Carte geo-hydrographique du Golfe du Mexique et de ses isles. Construit d'apres les memoires les plus recens, et assujeties, pour l'emplacement de ces principales positions aux latitudes et longitudes, determinées par observation.
1762 (undated) 12.5 x 18 in (31.75 x 45.72 cm)
1 : 10000000
A beautiful example of Zannoni's 1762 map of the West Indies, Florida and Central America. Covers from the Gulf of Mexico to the Lesser Antilles including all of the West Indies, Florida and Central America, with parts of Louisiana, Mexico and northern South America. In essence a nautical chart, this map has little inland detail and is crisscrossed with both rumb lines and lines of latitude and longitude. Coastal cities, rivers and ports are named throughout. Also shows numerous shoals, reefs, and other offshore dangers. Southern Florida is rendered as an archipelago in a primitive attempt to describe the everglades. Drawn by A. Zannoni in 1762 for issue as plate no. 34 in Jean Lattre's 1783 issue of the Atlas Moderne.
Giovanni Antonio Bartolomeo Rizzi Zannoni (September 2, 1736 - May 20, 1814) was an 18th century Italian cartographer active in Venice and Naples. Zannoni was born in Padua, Italy on September 2, 1736. Between 1749 and 1751 Zannoni studied Astronomy at the University of Padua under John Polen, a prominent astronomer of the period. After leaving the University, Zannoni was commissioned by the King of Poland, Augustus III, to map that country. Zannoni's subsequent survey is considered the first accurate triangulation of Poland. Afterwards Zannoni's services were in high demand and he traveled around much of Europe, working on various surveys in Denmark, Germany, Prussia, and Sweden. Around 1857 Zannoni was caught up in the hostilities surrounding the Seven Year War and, after one battle, was taken to Paris as a prisoner of war. Paris must have suited Zannoni for he remained there for nearly 20 years, even taking service with the Paris Engineer's Office. It was also here in Paris the Zannoni developed many of the cartographic contacts that would lead to a number of important cartographic publications, including the Atlas Moderne in conjunction with Lattre. In 1781 Zannoni was called to Naples by the Bourbon monarch there to help in the revision of the Charter of 1769. Afterwards he stayed on and produced a numerous important maps of the Kingdom of Naples. Zannoni is considered a careful and precise cartographer and his work, particularly the maps he made in Naples, have been praised by R.V. Tooley as "remarkable for a marvelously minute attention to detail, and amply deserves the commendation passed upon it by Sir George Fordham" (Tooley, Maps and Mapmakers, 21). Zannoni would spend the remainder of his days in Naples and passed away on May 20, 1814.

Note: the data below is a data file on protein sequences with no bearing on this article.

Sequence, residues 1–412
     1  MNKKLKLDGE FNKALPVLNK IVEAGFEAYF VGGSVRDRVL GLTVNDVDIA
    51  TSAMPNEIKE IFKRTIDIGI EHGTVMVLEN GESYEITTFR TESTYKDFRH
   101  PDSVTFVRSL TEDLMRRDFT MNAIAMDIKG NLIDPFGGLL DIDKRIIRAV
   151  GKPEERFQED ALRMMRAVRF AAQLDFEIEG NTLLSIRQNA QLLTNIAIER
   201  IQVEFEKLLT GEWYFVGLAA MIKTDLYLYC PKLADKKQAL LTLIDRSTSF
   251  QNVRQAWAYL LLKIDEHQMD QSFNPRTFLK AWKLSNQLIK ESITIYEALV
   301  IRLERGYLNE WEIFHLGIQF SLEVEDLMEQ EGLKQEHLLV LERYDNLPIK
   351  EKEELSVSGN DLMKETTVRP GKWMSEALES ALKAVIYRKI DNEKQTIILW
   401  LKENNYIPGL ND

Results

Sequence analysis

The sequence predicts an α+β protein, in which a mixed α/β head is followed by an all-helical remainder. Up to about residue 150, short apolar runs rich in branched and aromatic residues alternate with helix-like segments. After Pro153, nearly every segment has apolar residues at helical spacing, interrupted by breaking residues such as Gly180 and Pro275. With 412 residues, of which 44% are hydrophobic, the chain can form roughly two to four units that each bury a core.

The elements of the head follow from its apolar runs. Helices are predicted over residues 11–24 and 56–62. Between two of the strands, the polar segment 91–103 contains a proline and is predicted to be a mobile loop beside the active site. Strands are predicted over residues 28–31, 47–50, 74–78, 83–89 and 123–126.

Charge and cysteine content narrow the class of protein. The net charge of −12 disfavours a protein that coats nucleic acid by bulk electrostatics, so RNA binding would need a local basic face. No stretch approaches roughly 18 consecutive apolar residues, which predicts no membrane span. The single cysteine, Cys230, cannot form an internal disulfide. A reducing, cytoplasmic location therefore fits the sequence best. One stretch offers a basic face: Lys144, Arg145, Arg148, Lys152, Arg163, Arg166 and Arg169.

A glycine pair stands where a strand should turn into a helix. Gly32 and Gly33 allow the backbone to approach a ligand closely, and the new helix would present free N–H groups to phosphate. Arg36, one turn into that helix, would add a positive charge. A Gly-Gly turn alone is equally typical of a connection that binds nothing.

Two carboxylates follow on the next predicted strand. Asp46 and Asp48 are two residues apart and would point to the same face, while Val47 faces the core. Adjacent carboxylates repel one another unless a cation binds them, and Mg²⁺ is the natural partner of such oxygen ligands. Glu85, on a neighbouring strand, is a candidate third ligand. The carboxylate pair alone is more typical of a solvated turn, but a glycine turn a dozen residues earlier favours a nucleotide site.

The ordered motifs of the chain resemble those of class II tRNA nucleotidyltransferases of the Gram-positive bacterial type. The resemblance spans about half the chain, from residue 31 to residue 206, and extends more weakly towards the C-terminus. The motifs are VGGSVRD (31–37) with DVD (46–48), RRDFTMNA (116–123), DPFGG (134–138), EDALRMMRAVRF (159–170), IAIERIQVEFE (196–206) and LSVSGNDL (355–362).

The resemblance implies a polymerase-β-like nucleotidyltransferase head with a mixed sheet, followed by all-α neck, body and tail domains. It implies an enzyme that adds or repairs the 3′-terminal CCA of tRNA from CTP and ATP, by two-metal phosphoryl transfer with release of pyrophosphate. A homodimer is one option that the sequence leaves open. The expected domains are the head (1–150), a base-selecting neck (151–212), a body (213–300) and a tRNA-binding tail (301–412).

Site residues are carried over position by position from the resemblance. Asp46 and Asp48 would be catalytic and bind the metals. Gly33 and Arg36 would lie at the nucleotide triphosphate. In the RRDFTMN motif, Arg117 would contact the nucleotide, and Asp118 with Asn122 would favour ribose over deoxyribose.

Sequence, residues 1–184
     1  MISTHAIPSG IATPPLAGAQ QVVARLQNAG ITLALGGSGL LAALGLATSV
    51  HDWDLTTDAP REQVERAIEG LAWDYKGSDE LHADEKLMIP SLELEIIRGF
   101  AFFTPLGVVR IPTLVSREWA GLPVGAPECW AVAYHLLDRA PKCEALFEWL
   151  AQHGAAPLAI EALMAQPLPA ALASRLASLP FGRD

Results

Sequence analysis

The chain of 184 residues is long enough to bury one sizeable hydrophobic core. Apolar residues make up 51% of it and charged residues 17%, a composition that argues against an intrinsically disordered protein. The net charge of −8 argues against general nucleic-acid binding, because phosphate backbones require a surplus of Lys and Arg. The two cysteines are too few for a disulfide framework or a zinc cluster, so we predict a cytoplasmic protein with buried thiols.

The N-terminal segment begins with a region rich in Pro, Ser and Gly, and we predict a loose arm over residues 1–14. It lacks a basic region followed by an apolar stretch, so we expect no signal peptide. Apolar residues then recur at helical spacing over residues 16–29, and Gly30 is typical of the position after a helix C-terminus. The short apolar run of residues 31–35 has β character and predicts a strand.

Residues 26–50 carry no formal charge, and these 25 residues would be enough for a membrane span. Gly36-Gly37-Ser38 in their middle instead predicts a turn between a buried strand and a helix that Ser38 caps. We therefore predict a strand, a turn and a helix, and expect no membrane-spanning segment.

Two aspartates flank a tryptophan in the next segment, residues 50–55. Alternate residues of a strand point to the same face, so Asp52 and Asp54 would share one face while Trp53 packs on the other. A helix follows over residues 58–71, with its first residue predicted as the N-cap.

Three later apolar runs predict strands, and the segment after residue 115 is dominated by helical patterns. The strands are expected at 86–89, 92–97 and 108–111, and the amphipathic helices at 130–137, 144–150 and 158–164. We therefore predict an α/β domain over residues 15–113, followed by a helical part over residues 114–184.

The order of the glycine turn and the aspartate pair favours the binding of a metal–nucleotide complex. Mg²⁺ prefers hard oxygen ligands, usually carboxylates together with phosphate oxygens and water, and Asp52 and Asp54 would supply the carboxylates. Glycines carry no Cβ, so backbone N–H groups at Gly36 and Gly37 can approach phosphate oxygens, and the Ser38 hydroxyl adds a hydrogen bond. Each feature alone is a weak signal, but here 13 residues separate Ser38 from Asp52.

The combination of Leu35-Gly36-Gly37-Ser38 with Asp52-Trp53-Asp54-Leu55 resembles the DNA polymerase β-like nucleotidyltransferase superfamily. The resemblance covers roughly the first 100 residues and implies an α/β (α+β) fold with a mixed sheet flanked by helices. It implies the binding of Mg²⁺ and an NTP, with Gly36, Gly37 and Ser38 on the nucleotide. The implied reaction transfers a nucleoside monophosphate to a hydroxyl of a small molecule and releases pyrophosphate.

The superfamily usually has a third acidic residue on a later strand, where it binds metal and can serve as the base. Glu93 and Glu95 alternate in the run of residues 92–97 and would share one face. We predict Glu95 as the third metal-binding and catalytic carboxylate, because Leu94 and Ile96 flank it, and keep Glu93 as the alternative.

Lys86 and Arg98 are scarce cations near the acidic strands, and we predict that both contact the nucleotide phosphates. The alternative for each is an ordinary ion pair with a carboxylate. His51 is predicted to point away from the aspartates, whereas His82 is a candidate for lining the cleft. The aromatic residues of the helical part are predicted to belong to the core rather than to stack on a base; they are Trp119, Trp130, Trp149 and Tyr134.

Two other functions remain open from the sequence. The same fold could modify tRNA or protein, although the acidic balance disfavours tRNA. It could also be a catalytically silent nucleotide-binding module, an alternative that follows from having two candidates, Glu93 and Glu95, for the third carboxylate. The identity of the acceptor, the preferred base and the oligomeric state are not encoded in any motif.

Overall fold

Jean Lattre (fl. 1743 - 1793) was a Paris based bookseller, engraver, and map publisher active in the mid to late 18th century. Lattre published a large corpus of maps, globes, and atlases in conjunction with a number of other important French cartographic figures, including Janvier, Zannoni, Bonne and Delamarche. He is also known to have worked with other European cartographers such as William Faden of London and the Italian cartographer Santini. Map piracy and copyright violations were common in 18th century France. Paris court records indicate that Lattre brought charges against several other period map publishers, including fellow Frenchman Desnos and the Italian map engraver Zannoni, both of whom he accused of copying his work. Lattre's offices and bookshop were located at 20 rue St. Jaques, Paris, France.
Lattre, Jean, Atlas Moderne ou Collection de Cartes sur Toutes les Parties du Globe Terrestre, c. 1783.
Very good condition. Original centerfold. Blank on verso.
Rumsey 2612.076. Phillips (Atlases) 664. National Maritime Museum, 215.